Objective: Although clinical studies have documented that specific anxiety disorders are associated with impaired psychosocial functioning, little is known regarding their comparative effects on health-related quality of life within a general population. The current analysis compares health-related quality of life in a US community-dwelling sample of adults with DSM-IV social anxiety disorder, generalized anxiety disorders (GAD), panic disorder, and specific phobia.
Method: A face-to-face survey of a US nationally representative sample of over 43,000 adults aged 18 years and older residing in households and group quarters was conducted. Prevalence of DSM-IV anxiety disorders and relative associations with health-related quality of life indicators were examined. The survey was conducted from 2001 to 2002.
Results: Roughly 9.8% of respondents met diagnostic criteria for at least 1 of 4 twelve-month DSM-IV anxiety disorders which, relative to the non-anxiety-disordered general population, were each associated with lower personal income, increased rates of 12-month physical conditions, and greater numbers of Axis I and Axis II DSM-IV psychiatric conditions. After adjusting for sociodemographic and clinical correlates, including other anxiety disorders, GAD was associated with significant decrements in the SF-12 mental component summary score. In similar models, GAD and, to a lesser extent, panic disorder were significantly associated with impairment in social functioning, role emotional, and mental health SF subscales.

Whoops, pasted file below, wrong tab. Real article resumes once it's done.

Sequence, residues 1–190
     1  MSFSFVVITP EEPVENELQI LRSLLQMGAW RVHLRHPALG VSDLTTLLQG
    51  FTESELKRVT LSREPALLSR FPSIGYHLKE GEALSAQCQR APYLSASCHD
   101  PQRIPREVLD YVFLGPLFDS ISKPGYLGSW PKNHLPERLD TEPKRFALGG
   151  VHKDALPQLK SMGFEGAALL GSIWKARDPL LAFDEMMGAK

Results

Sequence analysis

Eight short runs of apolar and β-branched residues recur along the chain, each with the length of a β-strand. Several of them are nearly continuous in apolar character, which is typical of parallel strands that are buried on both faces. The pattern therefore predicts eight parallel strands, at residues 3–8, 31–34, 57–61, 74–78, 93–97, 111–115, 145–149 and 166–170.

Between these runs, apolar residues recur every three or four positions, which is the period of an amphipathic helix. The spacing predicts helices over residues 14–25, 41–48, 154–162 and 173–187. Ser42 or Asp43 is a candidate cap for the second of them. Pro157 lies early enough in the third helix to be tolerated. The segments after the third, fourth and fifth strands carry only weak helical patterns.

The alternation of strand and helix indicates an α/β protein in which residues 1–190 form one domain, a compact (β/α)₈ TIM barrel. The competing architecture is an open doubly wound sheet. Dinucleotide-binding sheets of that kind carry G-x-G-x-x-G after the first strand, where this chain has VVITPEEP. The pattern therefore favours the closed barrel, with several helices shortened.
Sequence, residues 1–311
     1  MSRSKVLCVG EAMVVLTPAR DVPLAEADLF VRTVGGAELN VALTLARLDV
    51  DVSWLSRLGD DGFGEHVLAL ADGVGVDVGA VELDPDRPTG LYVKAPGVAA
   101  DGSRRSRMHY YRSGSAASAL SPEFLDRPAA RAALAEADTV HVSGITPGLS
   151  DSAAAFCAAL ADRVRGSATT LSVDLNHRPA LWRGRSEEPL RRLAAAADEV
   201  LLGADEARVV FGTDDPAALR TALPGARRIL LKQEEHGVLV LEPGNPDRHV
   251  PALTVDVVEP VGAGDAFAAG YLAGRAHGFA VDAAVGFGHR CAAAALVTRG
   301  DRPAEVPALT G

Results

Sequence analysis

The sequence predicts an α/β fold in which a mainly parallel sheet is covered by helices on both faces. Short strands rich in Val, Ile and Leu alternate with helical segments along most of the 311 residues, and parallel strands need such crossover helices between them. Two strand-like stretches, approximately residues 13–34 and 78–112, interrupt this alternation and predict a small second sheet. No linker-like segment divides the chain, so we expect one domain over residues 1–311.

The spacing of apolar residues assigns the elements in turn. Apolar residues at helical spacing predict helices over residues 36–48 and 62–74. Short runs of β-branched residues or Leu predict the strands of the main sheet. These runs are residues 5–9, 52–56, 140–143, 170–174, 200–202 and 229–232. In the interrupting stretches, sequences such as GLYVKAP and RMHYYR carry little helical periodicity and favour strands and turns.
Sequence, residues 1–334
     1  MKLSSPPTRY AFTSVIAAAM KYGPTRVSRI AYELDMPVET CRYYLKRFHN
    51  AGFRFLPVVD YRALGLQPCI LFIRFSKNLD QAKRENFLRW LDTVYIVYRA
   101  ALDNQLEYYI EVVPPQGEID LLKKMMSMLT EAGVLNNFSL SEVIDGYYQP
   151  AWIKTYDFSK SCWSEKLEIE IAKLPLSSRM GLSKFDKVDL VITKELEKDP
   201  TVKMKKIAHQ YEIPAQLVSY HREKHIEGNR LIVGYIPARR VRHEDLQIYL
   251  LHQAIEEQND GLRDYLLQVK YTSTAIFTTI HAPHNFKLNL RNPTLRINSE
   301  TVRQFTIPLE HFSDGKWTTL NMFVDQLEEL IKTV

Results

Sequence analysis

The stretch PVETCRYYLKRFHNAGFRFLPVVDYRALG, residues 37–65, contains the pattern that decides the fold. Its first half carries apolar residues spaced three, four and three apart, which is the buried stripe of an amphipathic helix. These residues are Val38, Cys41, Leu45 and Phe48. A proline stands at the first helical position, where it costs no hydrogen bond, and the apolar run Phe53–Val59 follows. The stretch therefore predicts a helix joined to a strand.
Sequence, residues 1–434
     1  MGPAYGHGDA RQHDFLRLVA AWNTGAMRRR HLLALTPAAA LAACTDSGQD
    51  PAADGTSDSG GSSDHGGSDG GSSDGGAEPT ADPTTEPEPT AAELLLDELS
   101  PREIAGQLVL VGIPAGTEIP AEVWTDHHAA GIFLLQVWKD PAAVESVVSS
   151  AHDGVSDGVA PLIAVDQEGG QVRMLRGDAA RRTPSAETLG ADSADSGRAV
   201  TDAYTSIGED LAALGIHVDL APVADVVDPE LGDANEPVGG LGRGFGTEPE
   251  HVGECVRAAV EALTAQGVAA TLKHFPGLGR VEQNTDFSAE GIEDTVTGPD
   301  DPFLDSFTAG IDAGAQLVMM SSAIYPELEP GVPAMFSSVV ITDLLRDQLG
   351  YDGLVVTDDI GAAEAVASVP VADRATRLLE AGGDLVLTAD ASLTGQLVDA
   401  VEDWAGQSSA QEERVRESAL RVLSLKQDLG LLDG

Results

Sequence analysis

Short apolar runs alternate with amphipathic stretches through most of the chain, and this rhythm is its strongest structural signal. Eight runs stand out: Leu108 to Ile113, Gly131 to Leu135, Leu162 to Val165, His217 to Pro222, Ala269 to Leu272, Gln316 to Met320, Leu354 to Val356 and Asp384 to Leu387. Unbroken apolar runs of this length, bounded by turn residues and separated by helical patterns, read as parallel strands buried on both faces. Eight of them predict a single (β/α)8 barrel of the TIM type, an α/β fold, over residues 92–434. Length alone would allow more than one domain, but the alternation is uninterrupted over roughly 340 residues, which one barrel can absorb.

Conclusions: GAD, followed by panic disorder, appears to exact significant and independent tolls on health-related quality of life. Results underscore the importance of prompt and accurate clinical identification and improving access to effective interventions for these disorders.
© Copyright 2011 Physicians Postgraduate Press, Inc.